Wanda Sykes is well known for her outspoken liberal views but apparently that came as news to some in the crowd of her packed show Thursday in the Walt Disney Theater of Orlando’s Dr. Phillips Center for the Performing Arts.
After her comedy took a Republican-skewering turn, a heckler spoke up — and was promptly shut down in no uncertain terms by Sykes. One suspects she has been to that rodeo before.
Politics did loom large throughout Sykes’ 75-minute set, but she offered commentary on plenty of other topics — online church, gynecologist visits and more — during a sometimes scattershot show that felt amusingly off-the cuff, even though Sykes consulted notes from time to time to get herself back on track.
“That wasn’t even on the page,” she cracked while checking her notes after one digression.
Sykes, 58, has been doing standup since the 1980s and won an Emmy Award with her fellow comedy writers on “The Chris Rock Show” in 1999. She has done extensive voice-over work and acted in numerous TV shows and movies, with some of her longest runs coming in sitcoms “The New Adventures of Old Christine” and “Black-ish.”
She’s currently starring in “The Upshaws,” which she described as “a lot of fun.” At the end of her Orlando show, she had the crowd record a birthday greeting for “Upshaws” co-star Kim Fields.
Sykes touched only briefly on the Will Smith-Chris Rock altercation at this year’s Oscars ceremony, where she was a host, but didn’t leave any doubt about her pro-Rock feelings.
“He smacked Chris so hard, the dude from ‘CODA’ heard it,” she joked, referring to the best-picture winner about deaf culture. She said she was shocked to see Smith carry on with the evening after the incident.
“I kept looking out … he was still sitting there!” she exclaimed.
Sykes had harsh (unprintable) words for Florida Gov. Ron DeSantis.
“He don’t even believe half that [stuff] he’s saying,” she scoffed, accusing him of playing to a pro-Donald Trump crowd. “It’s a show.”
She also decried the state’s Parental Rights in Education bill, called the “don’t say gay” bill by critics.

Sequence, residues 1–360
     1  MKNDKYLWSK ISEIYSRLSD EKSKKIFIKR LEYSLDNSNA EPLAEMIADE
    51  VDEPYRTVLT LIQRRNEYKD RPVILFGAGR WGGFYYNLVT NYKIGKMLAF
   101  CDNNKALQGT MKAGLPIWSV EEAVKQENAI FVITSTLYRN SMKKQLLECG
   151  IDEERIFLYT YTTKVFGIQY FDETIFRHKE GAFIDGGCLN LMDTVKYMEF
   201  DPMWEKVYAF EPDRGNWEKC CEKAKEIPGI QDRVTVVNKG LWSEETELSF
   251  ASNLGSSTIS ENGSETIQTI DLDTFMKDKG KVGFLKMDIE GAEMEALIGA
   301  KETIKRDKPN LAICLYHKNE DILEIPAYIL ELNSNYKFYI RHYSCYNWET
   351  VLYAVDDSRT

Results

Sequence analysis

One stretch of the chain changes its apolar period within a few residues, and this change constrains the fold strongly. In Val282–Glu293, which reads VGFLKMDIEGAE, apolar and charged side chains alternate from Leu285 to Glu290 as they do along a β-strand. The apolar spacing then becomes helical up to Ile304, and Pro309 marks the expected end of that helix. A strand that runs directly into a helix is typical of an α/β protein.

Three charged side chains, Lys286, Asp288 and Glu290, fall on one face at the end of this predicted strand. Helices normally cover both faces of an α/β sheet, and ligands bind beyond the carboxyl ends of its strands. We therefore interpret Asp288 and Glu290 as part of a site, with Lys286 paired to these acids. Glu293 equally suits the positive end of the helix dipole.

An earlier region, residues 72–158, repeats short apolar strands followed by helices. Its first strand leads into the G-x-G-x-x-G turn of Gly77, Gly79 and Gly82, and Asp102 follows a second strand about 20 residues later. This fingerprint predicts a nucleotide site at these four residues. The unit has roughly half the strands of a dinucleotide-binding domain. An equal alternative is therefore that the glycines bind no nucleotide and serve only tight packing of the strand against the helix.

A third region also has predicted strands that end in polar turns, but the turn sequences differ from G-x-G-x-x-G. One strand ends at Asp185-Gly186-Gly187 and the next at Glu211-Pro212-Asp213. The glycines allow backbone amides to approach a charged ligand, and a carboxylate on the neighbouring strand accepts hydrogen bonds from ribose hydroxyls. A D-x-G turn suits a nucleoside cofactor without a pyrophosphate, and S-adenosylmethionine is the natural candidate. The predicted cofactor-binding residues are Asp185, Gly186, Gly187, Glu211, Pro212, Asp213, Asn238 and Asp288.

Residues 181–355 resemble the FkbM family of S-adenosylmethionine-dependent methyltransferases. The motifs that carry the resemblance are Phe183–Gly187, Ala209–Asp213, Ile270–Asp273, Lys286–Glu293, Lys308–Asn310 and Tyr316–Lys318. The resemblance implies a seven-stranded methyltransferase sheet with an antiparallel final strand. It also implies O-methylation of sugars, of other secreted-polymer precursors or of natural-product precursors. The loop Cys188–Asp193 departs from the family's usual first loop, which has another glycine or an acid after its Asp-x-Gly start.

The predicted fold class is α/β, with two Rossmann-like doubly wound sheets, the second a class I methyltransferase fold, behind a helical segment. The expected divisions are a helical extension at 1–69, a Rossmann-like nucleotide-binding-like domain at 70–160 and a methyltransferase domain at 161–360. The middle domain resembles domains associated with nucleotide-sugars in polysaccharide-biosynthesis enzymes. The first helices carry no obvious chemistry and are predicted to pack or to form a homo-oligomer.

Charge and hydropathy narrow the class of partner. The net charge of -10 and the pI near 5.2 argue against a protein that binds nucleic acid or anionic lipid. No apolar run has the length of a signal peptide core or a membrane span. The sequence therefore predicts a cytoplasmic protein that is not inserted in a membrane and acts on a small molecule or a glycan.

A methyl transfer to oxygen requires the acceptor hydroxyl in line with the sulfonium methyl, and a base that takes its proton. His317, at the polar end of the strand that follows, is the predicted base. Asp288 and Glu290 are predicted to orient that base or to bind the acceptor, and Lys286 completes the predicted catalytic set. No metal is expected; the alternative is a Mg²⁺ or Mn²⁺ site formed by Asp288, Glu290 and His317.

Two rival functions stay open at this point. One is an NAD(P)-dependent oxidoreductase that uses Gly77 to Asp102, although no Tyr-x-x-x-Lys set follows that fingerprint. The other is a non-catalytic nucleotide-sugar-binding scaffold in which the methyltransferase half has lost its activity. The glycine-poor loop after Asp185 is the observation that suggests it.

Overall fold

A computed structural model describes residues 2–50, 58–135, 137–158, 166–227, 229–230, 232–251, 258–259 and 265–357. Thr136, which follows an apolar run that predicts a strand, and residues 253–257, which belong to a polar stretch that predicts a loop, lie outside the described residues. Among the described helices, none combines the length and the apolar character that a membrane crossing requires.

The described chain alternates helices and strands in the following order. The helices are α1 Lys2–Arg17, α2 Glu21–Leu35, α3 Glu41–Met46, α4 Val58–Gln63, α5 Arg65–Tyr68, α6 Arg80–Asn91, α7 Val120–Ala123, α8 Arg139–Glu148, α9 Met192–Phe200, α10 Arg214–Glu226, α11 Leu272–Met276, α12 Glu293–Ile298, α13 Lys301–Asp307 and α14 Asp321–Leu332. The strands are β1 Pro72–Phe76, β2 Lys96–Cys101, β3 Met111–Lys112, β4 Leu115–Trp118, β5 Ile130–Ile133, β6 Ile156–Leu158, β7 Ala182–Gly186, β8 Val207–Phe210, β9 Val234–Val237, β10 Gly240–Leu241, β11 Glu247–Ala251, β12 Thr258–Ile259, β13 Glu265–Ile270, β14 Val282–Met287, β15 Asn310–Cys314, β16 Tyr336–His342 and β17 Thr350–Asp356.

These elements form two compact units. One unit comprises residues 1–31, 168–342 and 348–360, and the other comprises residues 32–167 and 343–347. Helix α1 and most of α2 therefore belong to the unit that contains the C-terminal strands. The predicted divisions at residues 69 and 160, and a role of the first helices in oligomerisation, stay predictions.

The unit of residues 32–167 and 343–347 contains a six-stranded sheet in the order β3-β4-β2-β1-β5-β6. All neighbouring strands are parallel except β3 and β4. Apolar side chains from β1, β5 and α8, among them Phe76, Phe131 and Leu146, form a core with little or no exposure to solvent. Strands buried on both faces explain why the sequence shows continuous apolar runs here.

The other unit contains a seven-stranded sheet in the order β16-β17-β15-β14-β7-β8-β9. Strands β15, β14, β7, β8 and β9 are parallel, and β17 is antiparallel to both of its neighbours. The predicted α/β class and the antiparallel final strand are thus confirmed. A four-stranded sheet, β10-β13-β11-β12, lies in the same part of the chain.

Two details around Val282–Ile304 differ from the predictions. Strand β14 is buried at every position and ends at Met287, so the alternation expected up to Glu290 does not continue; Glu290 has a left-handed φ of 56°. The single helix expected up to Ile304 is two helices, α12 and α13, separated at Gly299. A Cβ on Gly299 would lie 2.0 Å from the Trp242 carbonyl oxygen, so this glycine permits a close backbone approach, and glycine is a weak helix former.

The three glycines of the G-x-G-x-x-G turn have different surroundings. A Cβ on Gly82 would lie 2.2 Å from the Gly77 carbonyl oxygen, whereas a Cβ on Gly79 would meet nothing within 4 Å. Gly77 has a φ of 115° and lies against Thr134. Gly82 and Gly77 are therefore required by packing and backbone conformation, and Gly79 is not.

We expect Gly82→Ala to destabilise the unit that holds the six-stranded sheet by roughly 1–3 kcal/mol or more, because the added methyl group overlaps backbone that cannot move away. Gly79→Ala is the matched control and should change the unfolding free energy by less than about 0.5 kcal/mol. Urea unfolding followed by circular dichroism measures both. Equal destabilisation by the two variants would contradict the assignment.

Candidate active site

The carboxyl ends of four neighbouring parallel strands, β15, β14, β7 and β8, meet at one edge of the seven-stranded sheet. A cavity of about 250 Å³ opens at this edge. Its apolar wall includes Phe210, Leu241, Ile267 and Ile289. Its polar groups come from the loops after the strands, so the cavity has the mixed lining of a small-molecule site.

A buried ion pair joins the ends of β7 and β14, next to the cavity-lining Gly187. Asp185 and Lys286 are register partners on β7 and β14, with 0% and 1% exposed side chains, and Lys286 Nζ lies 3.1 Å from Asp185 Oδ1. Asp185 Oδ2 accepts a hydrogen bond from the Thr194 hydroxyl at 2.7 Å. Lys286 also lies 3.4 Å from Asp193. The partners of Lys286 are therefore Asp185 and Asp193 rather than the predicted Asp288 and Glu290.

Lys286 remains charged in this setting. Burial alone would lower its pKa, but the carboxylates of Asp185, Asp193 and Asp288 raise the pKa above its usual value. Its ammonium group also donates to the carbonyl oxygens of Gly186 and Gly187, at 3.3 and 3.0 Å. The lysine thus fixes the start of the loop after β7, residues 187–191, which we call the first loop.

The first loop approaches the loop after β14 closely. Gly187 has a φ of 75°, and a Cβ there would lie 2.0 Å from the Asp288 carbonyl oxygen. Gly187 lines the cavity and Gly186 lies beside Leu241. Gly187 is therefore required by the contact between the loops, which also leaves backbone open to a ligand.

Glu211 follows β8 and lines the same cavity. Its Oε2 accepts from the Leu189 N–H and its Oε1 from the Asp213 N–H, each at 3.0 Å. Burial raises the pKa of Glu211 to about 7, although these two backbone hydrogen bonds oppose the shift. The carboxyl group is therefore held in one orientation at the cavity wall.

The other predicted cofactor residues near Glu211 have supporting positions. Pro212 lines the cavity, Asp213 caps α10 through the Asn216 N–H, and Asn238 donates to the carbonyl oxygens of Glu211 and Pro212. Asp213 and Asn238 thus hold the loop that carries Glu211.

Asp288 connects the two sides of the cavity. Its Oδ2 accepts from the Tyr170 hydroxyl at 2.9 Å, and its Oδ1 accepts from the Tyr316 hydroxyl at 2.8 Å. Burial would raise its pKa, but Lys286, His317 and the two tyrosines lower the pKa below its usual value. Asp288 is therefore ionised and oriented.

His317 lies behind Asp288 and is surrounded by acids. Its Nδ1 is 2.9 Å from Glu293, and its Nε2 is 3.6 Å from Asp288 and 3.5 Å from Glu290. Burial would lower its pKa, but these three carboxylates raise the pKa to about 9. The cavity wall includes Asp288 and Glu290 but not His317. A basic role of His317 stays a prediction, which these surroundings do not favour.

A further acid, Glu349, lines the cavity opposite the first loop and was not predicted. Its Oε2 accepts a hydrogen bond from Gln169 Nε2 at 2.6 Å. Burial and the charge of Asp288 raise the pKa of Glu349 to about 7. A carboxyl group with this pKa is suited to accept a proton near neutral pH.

“If you really want to protect the kids, ban assault weapons,” she said to cheers from the audience.
Sykes’ passion, folksy asides and personal tales went a long way in blunting political stridency.
Mixed in with the politics were plenty of personal anecdotes, including a particularly amusing caricature of her French wife of nearly 15 years. (Her wife must also have a sense of humor.)
She’s not afraid to use race as a starting point for laughs.
On her wife: “She’s white, but I say French because it sounds …” — deliberate pause and a sly smile — “nicer.”
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Or on meeting friends outside during the pandemic: “It did tickle me, really, telling my white friends to go around the back.”
And she uses physical comedy to her advantage — earning big laughs by demonstrating a drunken woman “hovering” over a public toilet.
Opening the show was Keith Robinson, Sykes’ sidekick on her 2009-10 late-night talk show. Like Sykes, he had fun with topics considered off limits in polite company: Much of his routine centered on his own recent stroke.
But also like Sykes, he delivers his material with a twinkle in the eye and a knowing grin.
With a snorty little laugh, Sykes often indicated she was in on the joke herself — especially when she was the punchline. How would she describe drinking during the pandemic shutdown?
“3:00 became the new 5:00,” she confessed with a conspiratorial smile.
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